Reducing sitting to improve office workers’ health

Researchers at the University of Leicester, Loughborough University, and Leicester’s Hospitals’ National Institute for Health and Care Research (NIHR) Leicester Biomedical Research Centre (BRC) have created a programme that, when used with a height-adjustable desk, can reduce the amount of time people spend sitting by over an hour. It is now the largest study ever conducted in the field of interventions to combat sedentary behaviour at work.

The team tested their “SMART Work and Life” programme, which was created for people who spend a lot of their day sitting down, in six local authorities throughout Leicester, Greater Manchester, and Liverpool. The programme includes training for workplace champions, educational resources, ongoing behaviour change support, and a set of apps and software to monitor sitting time.

The 756 desk-based employees were divided into three categories. The SMART Work and Life application was given to the first group alone, but the second group also received a height-adjustable desk so they could stand or sit while using their computers. With neither the SMART Work and Life programme nor the height-adjustable desk, a third group served as the control.

A tiny device worn on the thigh by the participants allowed the research team to observe their sitting habits.

Researchers discovered that participants in the SMART Work and Life programme sat down for 22 minutes less per day than those in the control group.

This increased to nearly an hour additional standing time per working day for those who used both the SMART Work and Life programme and a height-adjustable desk.

It’s interesting to note that although individuals who used the programme and the height-adjustable desk decreased their sitting time at work, this had no effect on their behaviour at home, suggesting that it can be difficult to change a sitting habit when you’re just relaxing.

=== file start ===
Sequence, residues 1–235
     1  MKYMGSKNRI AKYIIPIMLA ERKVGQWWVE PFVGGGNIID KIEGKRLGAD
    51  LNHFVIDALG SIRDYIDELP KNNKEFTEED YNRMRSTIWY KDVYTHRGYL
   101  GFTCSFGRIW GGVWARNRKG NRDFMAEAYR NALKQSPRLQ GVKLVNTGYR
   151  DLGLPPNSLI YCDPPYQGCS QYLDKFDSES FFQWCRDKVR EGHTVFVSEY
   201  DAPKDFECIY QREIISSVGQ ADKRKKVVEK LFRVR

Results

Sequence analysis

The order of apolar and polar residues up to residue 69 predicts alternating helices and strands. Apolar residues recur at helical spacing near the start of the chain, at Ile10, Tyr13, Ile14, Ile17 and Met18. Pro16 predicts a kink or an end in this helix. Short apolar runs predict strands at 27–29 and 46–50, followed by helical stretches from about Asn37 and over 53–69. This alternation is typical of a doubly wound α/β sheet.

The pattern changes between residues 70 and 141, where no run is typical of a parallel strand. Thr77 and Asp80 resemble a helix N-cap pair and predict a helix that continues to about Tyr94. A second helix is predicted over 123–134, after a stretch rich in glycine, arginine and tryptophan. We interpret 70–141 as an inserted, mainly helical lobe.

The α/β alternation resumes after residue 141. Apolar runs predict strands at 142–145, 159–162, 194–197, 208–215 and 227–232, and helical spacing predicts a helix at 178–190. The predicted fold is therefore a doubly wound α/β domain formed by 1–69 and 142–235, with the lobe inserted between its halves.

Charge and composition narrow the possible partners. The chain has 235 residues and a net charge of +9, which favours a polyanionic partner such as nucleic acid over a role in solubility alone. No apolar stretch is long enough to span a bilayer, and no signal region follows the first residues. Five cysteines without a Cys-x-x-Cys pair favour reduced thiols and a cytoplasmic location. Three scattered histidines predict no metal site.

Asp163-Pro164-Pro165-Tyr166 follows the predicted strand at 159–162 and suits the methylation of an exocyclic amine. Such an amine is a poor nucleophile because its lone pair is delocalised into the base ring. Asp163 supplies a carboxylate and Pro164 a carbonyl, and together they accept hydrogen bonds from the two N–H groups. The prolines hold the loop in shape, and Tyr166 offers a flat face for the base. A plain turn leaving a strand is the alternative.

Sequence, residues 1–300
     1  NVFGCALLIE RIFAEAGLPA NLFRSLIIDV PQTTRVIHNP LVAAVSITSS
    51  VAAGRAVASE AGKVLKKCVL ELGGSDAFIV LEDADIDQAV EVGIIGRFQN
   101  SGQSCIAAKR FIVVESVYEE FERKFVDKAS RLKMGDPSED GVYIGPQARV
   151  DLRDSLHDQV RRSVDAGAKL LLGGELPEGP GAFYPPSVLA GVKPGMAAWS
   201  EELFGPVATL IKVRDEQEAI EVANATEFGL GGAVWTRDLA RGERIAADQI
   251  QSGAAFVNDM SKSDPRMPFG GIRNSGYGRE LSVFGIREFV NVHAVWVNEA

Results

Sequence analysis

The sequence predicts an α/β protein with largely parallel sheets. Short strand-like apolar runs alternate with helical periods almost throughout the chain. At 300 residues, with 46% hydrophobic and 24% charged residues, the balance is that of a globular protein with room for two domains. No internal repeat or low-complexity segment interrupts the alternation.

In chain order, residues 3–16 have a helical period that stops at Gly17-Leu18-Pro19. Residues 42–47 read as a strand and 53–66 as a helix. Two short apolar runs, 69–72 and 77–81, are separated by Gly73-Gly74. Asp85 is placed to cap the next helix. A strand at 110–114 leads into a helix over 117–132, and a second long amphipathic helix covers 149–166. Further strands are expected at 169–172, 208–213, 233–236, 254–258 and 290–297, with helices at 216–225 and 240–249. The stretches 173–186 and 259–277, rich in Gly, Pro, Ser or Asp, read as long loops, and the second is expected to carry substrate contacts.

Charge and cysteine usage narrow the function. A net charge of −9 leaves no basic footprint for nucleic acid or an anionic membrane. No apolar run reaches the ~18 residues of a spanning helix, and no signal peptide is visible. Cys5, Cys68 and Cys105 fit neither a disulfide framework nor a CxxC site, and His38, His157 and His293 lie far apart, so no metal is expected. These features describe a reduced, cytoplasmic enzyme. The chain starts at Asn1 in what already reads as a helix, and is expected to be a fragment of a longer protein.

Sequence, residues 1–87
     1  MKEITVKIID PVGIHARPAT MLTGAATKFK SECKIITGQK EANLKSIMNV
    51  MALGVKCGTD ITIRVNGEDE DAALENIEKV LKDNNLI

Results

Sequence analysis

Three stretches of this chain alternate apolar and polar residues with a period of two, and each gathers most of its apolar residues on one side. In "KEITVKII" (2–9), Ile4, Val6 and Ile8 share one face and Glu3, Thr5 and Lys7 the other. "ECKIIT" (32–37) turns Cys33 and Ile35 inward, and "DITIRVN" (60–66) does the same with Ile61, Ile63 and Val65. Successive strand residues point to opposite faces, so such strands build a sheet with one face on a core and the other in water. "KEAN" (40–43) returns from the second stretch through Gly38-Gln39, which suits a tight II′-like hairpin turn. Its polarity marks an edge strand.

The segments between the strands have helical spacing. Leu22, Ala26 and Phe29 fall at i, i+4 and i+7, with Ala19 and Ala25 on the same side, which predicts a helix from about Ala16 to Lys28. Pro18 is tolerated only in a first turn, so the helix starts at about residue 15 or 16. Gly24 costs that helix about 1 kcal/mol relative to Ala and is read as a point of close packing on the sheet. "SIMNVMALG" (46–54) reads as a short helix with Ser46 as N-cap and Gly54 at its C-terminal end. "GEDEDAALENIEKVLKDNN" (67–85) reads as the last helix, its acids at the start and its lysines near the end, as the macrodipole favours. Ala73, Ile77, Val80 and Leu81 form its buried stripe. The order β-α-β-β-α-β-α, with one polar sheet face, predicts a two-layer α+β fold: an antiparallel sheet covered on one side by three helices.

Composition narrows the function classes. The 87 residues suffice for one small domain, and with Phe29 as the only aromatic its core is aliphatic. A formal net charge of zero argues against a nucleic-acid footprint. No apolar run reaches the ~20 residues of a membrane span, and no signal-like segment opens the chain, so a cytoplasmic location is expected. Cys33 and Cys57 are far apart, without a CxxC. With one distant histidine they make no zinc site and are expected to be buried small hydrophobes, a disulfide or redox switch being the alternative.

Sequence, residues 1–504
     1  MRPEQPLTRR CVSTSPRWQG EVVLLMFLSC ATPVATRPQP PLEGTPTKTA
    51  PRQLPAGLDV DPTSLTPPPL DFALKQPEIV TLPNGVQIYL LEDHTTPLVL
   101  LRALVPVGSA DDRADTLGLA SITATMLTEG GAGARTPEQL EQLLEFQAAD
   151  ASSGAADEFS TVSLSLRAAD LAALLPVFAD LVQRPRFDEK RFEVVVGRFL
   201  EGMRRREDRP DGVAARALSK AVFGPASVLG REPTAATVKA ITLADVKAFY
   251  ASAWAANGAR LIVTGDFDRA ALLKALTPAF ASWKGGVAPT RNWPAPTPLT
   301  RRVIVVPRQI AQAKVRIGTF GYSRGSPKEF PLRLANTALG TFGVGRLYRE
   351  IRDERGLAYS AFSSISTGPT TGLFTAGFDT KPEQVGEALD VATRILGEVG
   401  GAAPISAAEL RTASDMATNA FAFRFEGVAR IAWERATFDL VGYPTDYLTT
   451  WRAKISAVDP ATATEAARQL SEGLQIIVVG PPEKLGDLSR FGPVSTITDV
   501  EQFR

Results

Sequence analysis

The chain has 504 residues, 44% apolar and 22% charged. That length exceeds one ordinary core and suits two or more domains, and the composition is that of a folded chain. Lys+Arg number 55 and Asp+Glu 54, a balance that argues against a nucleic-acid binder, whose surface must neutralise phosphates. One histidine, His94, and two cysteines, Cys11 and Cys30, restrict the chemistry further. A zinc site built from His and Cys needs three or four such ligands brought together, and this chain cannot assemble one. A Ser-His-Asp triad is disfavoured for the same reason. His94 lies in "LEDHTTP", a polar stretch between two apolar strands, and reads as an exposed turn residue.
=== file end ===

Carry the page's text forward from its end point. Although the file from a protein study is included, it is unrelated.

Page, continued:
Sedentary lifestyles are reported to lead to over £700 million in NHS expenses in the UK and were the cause of 69,276 fatalities in 2016. These practises and their negative effects on public health have been made worse by the COVID-19 pandemic, which has sparked attention in public health interventions that encourage safe physical activity and decrease sedentary behaviour.

Desk-based employees sit for about 70% of the workday, and many of them continue to do so when they get home. According to research, they sit for 9 to 10 hours per day. Workplace sedentary behaviour has an impact on productivity and is linked to higher levels of presenteeism.

The study’s lead author, Dr. Charlotte Edwardson, an associate professor of physical activity, sedentary behaviour, and health at the University of Leicester, states that the findings “suggest that standing desks combined with motivational resources, peer support, and education have the greatest impact on reducing sitting in the workplace.”

These findings represent a significant advancement in the provision of evidence-based solutions for reducing sedentary behaviour and enhancing occupational health.

The study’s co-author and Reader in Public Health Epidemiology at the University of Salford, Dr. Alex Clarke-Cornwell, claims that “Participants noticed slight increases in stress, wellbeing, and work vigour along with the decrease in sitting time. The group that additionally received the desk reported having less musculoskeletal problems, and they also reported feeling more energised, productive, and focused.”

A training package for workplace champions of health and wellbeing is one of the many components of the multi-faceted programme SMART Work and Life. Additionally, it offers educational resources, apps and software to monitor sitting time and send standing reminders, motivational posters, challenges to sit less, advice on how to make tiny environmental changes, and many other beneficial tools that are accessible to everyone who participates.

Workplace advocates who support participants and create individualised plans for each team facilitate it.

The SMART Work and Life programme has been transformed by Dr. Edwardson and her team into an easily accessible online resource bundle for businesses. A wonderful tool to utilise in conjunction with height-adjustable desks, as part of an office environment transformation, or as a standalone toolkit to promote less sitting is SMART Work and Life.

The British Medical Journal published the study.


Charlotte Edwardson et al, Effectiveness of an intervention for reducing sitting time and improving health in office workers: three arm cluster randomised controlled trial, BMJ (2022).

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